Sexy Beasts, Netflix’s animal-mask dating show, is irredeemably terrible

But as long as everyone is talking about how bad it is, maybe it’s mission accomplished

Sexy Beasts: Emma, a model,   wears a devil disguise    and stars in episode one of the dating series. Photograph: Netflix

Sexy Beasts: Emma, a model, wears a devil disguise and stars in episode one of the dating series. Photograph: Netflix

 

Netflix has been straining ever so slightly for a big, zeitgeist-defining hit in 2021. Where is this year’s Stranger Things, Tiger King or Bridgerton? It has come close with Lupin, the Paris-set caper starring Omar Sy. Otherwise all the chatter is about Disney’s Marvel spin-offs and the forthcoming third season of Succession, on HBO/Sky Atlantic. (For some reason the world is addicted to a satire of the Murdochs, 10 years after anyone last cared about the Murdochs.)

Desperate times call for desperate measures. And “desperate” is one way of describing Sexy Beasts, the streaming service’s enthusiastically grotesque new dating show in which participants strap on lifelike animal masks and then embark on a love safari. (“Lifelike” may not be quite correct: it’s hard to say how, precisely, a real dolphin would conduct itself in a wine bar.)

Sexy Beasts has certainly captured the imagination, and dominated conversation, in a way no other Netflix reality offering has. (Floor is Lava’s water-cooler moment has yet to arrive.) It’s also irredeemably terrible. But so long as everyone is talking about how and why it is terrible, perhaps it is mission accomplished.

Sexy Beasts: James, a gym bunny, wears a beaver disguise and stars in episode two of the dating series. Photograph: Netflix
Sexy Beasts: James, a gym bunny, wears a beaver disguise and stars in episode two of the dating series. Photograph: Netflix

The premise is First Dates crossed with Dr Doolittle, with just a whiff of The Hunger Games. (It’s a shock to discover it’s an adaptation of a short-lived 2014 BBC Three series).

In each episode we are introduced to a lonely singleton fed up of paddling in the shallow waters of modern dating. Emma, in episode one, is a model who wishes people would see past her looks; James, from part two, is a gym bunny who doesn’t want to be known just for his bulging biceps. (As he says this he flaunts his bulging biceps.)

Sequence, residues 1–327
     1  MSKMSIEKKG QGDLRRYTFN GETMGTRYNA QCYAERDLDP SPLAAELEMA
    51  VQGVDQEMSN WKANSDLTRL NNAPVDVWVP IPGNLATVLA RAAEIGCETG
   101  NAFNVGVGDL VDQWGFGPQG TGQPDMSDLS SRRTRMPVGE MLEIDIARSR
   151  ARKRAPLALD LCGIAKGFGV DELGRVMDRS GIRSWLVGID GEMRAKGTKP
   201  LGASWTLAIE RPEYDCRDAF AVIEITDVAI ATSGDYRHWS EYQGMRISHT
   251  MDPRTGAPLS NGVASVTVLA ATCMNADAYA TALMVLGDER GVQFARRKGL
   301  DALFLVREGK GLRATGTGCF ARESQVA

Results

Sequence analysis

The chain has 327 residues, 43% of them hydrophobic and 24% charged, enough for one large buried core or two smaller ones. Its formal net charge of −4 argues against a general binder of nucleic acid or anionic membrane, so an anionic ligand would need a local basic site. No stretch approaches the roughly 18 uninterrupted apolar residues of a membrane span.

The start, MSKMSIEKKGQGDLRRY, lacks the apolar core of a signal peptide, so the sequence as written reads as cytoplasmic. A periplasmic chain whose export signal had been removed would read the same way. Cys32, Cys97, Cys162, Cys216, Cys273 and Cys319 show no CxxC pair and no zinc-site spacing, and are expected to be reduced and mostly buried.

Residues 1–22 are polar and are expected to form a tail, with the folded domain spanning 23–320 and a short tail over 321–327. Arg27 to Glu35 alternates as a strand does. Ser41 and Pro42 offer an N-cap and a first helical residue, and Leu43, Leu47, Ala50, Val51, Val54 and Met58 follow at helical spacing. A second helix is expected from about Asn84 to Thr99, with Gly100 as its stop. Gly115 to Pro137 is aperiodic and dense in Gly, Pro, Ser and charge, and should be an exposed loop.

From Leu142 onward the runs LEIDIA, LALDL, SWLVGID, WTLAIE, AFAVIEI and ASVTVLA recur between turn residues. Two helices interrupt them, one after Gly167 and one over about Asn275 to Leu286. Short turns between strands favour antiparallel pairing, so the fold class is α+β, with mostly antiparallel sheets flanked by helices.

Having donned their disguises – a devil’s face for Emma, a beaver mask for James – they each meet three potential partners, likewise made up to look like animals/demons. Without the distraction of base physical attraction, can true love flourish?

Sadly, it’s hard to care one way or the other. Perhaps Netflix has erred in choosing contestants brimming with confidence and untroubled by self-doubt. In a show full of latex animals, there are no underdogs to root for.

One definite misjudgment is to cast only good-looking individuals. This removes the potential for bombshells when a lonely heart with a gorgeous personality is revealed to be thoroughly midtable in the appearances department.

Or maybe it’s just the sheer David-Lynch-gets-a-job-with-Virgin-Media One-weirdness of watching a dolphin chat up a rhinoceros. Smarmy voiceover by Rob Delaney doesn’t help. The idea is apparently that he is in on the joke. Alas, his straight-to-streaming Ryan Reynolds routine makes you dislike Sexy Beasts all the more.

The series has generated chatter – but let’s not go overboard and call it “buzz”. Will it take off? People flock to Love Island not because of the romance but because of the silliness,the banter, the way some islanders are relatable and others are not. Sexy Beasts has none of that. Instead, this serving of animal nitrate suffers from a terminal lack of fizz.

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